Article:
The omens didn’t get any better when I went to the flea market (Sundays the farmers bring their fresh produce, so I scored some tasty fruits and vegetables for the week) and the woman who sells the #5 green aluminum knitting needles wasn’t there. Her booth was just empty…I can only hope she was just on vacation and she’ll reappear next week!

But despite the signs, the cruise itself was delightful. I’m not sure how many people were there – seventy-five perhaps? It was a big bunch of happy floating knitters, and the breeze was cool enough on the river that we actually needed the knitwear we wanted to show off. I wore Lara, and she received many compliments. Goddess Amy of fame took a picture of her and everything! And I worked on my mother’s feather-and-fan sock, which is nearly ready for a heel flap. You’ll have to visit other New York bloggers for good cruise pictures, as my little PowerShot S110 is proving itself to be sadly outdated, particularly in conditions with backlight. But here’s proof that the sock saw the statue of Liberty:

And no, the sock isn’t black. It’s Mountain Colors Bearfoot in colorway “meadow”, which is a rich mix of greens, blues and purples that my mom picked out herself. I’ll try to get a picture of it tomorrow when the light is good, since I also need to photograph my fab gift bag haul. Here are some happy Spiders (even poor Lisa, who was kind of seasick, is feeling better here as we pull back up to the pier) anticipating the gift bags:

A big thank-you to Amy, Helane, John, Sandy, and the rest of the teams at The Point and for this terrific afternoon!

That’s art, yo.

Published on Saturday September 10th, 2005

Behold the finished Feather-and-Fan socks, cavorting in the sculpture garden at the Museum of Modern Art. The socks really wanted their picture taken with their favorite Calder stabile, but there were a ton of tourists seated all around it and the looks they were giving me were funny enough from across the pool. So the socks got to leer at this lovely and forbearing Nude instead. Then they demanded their own picture.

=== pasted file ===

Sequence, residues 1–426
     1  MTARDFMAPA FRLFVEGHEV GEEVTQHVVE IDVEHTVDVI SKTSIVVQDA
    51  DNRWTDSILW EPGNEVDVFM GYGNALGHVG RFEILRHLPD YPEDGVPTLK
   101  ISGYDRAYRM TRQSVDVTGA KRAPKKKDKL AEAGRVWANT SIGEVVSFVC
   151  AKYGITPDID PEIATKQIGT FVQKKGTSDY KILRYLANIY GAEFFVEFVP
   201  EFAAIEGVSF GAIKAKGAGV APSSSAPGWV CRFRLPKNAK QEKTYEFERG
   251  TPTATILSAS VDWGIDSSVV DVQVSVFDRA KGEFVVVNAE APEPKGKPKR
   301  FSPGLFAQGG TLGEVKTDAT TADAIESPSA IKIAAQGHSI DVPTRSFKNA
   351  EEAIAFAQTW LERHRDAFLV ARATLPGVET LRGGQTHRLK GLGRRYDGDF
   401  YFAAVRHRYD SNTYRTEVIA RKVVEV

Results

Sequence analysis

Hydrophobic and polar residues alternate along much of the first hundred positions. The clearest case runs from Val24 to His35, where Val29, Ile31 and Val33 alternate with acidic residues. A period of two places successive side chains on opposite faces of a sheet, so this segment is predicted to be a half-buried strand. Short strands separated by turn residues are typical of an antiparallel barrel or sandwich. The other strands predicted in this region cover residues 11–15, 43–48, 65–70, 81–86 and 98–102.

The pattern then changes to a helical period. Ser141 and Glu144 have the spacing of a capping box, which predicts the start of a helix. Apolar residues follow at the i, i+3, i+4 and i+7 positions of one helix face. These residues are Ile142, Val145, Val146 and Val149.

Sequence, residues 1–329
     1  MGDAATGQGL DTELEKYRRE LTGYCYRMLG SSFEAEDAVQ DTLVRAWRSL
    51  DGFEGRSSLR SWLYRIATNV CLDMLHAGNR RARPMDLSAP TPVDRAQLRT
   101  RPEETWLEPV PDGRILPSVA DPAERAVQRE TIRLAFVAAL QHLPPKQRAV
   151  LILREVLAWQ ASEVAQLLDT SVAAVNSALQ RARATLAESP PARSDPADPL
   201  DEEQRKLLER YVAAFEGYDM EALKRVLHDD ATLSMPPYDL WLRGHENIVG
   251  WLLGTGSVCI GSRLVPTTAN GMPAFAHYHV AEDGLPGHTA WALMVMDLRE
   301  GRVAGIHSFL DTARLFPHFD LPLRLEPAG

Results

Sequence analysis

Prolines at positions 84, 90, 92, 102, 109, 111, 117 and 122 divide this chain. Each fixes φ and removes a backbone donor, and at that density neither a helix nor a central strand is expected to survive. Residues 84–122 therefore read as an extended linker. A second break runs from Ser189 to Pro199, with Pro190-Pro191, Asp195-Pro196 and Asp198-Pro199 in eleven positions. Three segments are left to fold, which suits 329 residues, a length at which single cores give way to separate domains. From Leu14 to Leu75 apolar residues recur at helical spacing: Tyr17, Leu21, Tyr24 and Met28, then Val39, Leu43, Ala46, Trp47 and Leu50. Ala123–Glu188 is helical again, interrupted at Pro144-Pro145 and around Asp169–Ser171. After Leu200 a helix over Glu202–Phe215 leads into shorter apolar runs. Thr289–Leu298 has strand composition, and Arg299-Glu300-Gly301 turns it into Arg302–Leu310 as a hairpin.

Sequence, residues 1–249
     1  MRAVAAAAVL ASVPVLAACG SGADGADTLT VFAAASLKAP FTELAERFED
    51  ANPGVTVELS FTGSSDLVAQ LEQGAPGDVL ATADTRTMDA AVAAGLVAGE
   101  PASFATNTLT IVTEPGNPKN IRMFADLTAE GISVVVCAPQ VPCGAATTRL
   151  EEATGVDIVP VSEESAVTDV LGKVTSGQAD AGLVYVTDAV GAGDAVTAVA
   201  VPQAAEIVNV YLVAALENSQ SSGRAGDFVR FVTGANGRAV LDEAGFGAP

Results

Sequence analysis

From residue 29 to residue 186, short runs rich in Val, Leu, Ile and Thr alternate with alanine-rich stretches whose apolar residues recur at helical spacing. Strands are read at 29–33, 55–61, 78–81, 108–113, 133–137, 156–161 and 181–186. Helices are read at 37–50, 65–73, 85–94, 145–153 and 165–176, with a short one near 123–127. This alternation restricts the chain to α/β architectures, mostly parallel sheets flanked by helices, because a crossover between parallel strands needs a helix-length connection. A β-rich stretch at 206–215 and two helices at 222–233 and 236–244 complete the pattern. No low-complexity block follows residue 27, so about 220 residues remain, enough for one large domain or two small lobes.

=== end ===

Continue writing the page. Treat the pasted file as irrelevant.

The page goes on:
Because these little puppies are Art all by themselves. They’d like to thank Lorna for the excellent Shepherd Sock in “Sand Ridge”, and the clever knitter who first realized that the Old Shale pattern would make a sweet pair of socks. I didn’t actually follow the famous Socks, Socks, Socks pattern because I don’t have the book. I pretty much just looked at other bloggers’ photos of them and winged it. I may have even invented my own sort of heel flap. I think I shall call it the Twisted Mistake Reverse-Stranded Slip Stitch Heel. I’m owning the errors, by gum. Anyhow, I’m pleased as punch with these little beauties. Good thing, too, because I’m making a pair for my mother with some tasty Mountain Colors she picked out next.

In addition to a finished pair of socks, I have a small knitting eureka moment to show for this week: entrelac. Turns out it’s much easier, and much more fun, than I could have guessed. How do I know this? It’s all thanks to my pal John. John is my dealer at the LYS. He’s also the generous kind of fellow who will encourage you to plonk yourself down at his spinning wheel or pick up his latest WPO and try a few rows to get a feel for the latest crack he’s pushing. I get to take credit for introducing John to the joys of Malabrigo, but he’s the one who let me knit up a little of his haul on Thursday night so I could get a taste of the entrelac blanket he’s making. It’s not as complicated as it looks, and it’s a totally good time, especially when you’re using soooooooft Malabrigo that looks like leopard print. Huzzah for entrelac! There may even be some in my own knitting future. But not until after Christmas. Must. Not. Start. Any. More. Projects.